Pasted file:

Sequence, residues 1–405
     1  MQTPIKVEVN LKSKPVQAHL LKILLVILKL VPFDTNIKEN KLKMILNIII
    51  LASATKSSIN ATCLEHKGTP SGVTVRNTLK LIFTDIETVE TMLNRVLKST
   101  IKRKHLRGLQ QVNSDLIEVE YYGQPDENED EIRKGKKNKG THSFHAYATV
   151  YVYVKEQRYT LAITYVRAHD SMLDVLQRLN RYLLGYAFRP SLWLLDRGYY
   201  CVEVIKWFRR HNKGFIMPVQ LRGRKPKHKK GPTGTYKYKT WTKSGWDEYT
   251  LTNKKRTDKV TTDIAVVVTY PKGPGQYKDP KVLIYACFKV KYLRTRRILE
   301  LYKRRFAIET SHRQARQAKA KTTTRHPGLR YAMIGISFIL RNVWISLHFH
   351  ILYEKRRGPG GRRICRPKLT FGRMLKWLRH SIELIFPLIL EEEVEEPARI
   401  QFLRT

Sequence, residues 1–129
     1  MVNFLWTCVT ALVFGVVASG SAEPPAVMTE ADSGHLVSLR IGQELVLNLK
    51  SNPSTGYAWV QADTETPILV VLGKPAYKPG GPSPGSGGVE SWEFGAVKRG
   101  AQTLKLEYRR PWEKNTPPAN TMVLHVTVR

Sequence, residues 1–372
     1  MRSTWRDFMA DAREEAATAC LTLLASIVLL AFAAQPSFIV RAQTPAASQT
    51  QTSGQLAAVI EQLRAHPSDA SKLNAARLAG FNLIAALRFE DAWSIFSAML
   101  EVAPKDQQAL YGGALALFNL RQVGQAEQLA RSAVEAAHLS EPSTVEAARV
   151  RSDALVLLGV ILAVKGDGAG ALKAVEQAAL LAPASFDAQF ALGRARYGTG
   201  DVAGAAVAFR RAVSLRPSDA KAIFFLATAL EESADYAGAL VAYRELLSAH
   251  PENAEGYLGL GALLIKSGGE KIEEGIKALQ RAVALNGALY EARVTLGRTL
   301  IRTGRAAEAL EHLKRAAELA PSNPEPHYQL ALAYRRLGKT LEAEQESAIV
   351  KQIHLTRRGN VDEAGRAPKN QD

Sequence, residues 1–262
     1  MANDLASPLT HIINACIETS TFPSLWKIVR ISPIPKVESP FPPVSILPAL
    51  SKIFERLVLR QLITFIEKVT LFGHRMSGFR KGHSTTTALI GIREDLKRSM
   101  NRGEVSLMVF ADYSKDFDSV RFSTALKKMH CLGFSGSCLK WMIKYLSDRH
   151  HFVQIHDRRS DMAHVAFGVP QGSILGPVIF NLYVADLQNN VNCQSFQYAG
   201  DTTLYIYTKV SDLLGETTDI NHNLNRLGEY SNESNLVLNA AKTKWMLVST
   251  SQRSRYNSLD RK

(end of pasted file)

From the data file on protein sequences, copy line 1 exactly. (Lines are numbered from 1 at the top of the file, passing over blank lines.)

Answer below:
Sequence, residues 1–405